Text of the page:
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Tuesday, November 15, 2005


Yesterday, when I was at the gym, I picked up a magazine called "Natural Health" to read while on the eliptical machine (can't run everyday), and I had never read this particular magazine before, but it was one of the few in the sparse selection the gym has to offer. (It was between that and a "People" from May, and I didn't need to relive the breaking coverage of Bragelina or TomKat.) Anyway, in this magazine there was an article that caught my eye: "How to Detox Your Life."

For a reason I can't explain I am always drawn to the word "detox"; I suppose it sounds like the good, thorough cleaning it's supposed to be; however, I always find that I am disappointed by the actual concept. And to be honest, I think it might be a bunch of hooey-balooey. What detox diets claim is that your body stores all kinds of toxins and this causes weight gain and health problems, but with simple detox drinks, vitamins, and foods, the body can flush those toxins and subsequently you can lose weight and feel great. In a sense I can buy this because we consume (or, I consume) many unhealthy products from food to car exhaust (not intentionally -- those days are behind me), so it seems like a good idea to get rid of these icky elements so the body can be clear and clean.

But on the other hand, I think it might just be a clever ploy to get me to drink nasty concoctions, chief of which is the infamous "master cleanser" that consists of water, lemon juice, maple syrup and cayenne pepper. I don't know who thought of that combination, but it is terribly popular. I don't think I could choke such a drink down, but I can guess as to how it would react in my belly (thus, I assume the "master cleansing").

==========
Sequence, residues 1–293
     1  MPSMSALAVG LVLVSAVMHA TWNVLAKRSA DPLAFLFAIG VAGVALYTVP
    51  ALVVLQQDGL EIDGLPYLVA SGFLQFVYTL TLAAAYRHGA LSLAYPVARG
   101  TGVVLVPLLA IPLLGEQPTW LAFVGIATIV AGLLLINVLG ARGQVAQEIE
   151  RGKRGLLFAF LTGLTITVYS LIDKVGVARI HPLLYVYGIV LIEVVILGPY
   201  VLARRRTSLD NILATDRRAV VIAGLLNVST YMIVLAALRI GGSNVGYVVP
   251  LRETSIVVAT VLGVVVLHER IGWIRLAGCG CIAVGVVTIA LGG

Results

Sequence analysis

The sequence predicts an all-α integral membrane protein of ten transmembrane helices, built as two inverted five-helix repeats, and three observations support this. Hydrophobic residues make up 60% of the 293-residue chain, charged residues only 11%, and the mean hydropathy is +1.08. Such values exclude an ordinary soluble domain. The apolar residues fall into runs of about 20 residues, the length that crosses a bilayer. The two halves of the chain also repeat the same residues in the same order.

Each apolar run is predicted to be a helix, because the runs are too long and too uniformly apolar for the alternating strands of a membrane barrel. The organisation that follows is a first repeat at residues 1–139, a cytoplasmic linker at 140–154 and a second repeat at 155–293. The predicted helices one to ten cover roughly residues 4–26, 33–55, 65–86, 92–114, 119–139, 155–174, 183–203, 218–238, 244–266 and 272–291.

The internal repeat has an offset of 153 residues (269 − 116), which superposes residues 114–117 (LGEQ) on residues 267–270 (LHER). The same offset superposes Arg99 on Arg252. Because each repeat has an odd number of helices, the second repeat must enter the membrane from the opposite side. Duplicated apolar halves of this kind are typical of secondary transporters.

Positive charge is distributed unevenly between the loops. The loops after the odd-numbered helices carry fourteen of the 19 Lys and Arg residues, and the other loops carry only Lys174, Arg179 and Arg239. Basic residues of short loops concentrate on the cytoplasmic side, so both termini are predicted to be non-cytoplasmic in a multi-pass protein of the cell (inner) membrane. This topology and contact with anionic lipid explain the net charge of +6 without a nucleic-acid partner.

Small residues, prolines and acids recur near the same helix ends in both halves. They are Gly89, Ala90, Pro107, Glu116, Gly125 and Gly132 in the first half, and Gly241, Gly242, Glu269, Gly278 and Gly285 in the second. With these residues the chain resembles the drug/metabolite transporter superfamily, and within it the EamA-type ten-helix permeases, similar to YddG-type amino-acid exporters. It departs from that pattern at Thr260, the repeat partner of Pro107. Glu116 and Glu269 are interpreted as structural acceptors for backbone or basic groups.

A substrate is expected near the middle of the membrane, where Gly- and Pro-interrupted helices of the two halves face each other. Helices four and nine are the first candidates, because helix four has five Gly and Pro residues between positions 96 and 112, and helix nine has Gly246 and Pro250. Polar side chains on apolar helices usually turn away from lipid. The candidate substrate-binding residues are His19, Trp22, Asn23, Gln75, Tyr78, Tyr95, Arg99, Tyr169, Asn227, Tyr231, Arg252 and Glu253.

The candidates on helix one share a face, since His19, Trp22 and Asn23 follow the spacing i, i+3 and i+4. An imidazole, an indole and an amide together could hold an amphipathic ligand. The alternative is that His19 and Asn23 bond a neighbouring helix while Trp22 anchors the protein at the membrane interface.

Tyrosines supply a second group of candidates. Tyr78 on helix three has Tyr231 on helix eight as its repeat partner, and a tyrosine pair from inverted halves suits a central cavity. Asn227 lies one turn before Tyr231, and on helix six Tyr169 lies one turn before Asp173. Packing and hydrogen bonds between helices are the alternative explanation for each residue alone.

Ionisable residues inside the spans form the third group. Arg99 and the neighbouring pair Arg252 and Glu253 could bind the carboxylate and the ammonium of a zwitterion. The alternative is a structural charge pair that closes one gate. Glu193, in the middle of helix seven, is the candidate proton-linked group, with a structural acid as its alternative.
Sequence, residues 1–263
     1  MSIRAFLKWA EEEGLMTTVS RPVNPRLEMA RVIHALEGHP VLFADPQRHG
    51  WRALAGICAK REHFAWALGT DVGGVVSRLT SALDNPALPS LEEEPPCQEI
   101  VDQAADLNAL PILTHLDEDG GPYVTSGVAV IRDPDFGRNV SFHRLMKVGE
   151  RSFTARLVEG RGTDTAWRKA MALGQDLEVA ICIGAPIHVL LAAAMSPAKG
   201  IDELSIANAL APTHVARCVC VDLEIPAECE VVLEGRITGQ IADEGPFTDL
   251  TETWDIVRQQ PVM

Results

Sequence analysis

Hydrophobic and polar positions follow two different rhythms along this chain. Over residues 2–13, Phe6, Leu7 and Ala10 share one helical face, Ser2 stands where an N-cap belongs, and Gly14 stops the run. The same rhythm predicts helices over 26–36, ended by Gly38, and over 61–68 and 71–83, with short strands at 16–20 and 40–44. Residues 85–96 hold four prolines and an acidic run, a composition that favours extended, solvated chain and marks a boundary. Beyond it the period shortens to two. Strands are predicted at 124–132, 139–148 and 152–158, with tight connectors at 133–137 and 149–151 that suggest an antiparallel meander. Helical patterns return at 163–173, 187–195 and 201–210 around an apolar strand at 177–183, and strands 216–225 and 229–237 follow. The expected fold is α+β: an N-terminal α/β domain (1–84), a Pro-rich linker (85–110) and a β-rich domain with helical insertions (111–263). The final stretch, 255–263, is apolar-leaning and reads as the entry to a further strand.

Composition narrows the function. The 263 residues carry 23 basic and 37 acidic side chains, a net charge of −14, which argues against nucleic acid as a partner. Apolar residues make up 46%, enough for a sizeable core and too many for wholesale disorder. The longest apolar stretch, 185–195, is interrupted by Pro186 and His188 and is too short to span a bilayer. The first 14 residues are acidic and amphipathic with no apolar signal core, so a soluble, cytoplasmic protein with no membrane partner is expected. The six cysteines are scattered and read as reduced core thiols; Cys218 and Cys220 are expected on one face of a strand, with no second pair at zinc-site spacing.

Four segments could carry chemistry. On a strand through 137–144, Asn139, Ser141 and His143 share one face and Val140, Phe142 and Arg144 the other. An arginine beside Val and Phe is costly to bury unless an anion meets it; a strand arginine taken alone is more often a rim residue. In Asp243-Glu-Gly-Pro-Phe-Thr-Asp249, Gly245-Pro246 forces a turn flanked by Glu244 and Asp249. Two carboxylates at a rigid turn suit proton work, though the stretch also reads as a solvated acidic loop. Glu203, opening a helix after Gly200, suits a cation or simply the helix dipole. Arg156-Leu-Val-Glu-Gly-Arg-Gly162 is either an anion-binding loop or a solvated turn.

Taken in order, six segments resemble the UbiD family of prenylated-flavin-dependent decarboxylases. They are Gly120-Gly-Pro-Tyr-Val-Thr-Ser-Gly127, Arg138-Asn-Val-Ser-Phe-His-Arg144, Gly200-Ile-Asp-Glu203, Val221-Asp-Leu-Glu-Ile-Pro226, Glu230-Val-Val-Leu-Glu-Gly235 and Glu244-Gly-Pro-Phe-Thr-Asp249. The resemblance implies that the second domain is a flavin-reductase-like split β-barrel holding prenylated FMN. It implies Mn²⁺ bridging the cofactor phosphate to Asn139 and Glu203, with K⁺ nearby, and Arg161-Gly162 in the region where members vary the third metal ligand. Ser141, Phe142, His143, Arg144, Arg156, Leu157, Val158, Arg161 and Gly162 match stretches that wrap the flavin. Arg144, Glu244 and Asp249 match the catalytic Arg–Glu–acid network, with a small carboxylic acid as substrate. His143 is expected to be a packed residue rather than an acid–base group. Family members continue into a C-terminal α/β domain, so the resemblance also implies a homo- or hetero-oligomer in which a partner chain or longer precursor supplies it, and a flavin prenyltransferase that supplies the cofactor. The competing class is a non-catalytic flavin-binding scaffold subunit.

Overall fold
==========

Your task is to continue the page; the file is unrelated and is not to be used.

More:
Disgusting drinks aren't the only thing detox promoters want you to ingest; no, they also have a whole host of vitamins and supplements that they advise you to take. In the featured article I read while working out, it suggested you take St. John's Wort (to relieve irritability during detox), vitamin E, linseed oil, ginseng, and ginko biloba. Not to mention all the other ingredients that are dumped into a multi-vitamin. By the time I summed up the article, I figured you would have to just scoop the supplements in with a rake to fulfill the requirements. But I guess you could wash them all down with the cayenne cocktail.

Aside from all varieties of odd things detox diets want me to consume (in order to rid my body of "unnecessary elements" -- hope you're picking up on the irony), I don't buy the fact that your body stores that much waste. From what I can rememeber of college biology, the body is actually pretty efficient at ridding itself of by-products. Isn't that what the liver is for? Isn't the liver like those scum sucking fish you see in aquariums? I think its job is to clean up your system. I also believe that to some degree that's what your kidneys, pancreas, and gallbladder do as well. So, while I'm not a doctor, it seems to me that the body is already pretty good at detoxifying itself. Do I really need linseed oil to help with that? Or maple syrup?

Like too many other dieting gimmicks, I think I have to categorize detoxifying as bogus, or at least, unnecessary. I don't know about you, but all I need is an apple on my way to work (it also helps to get stuck in traffic) to clean out the system. That, or a cup of coffee seems to do the trick.

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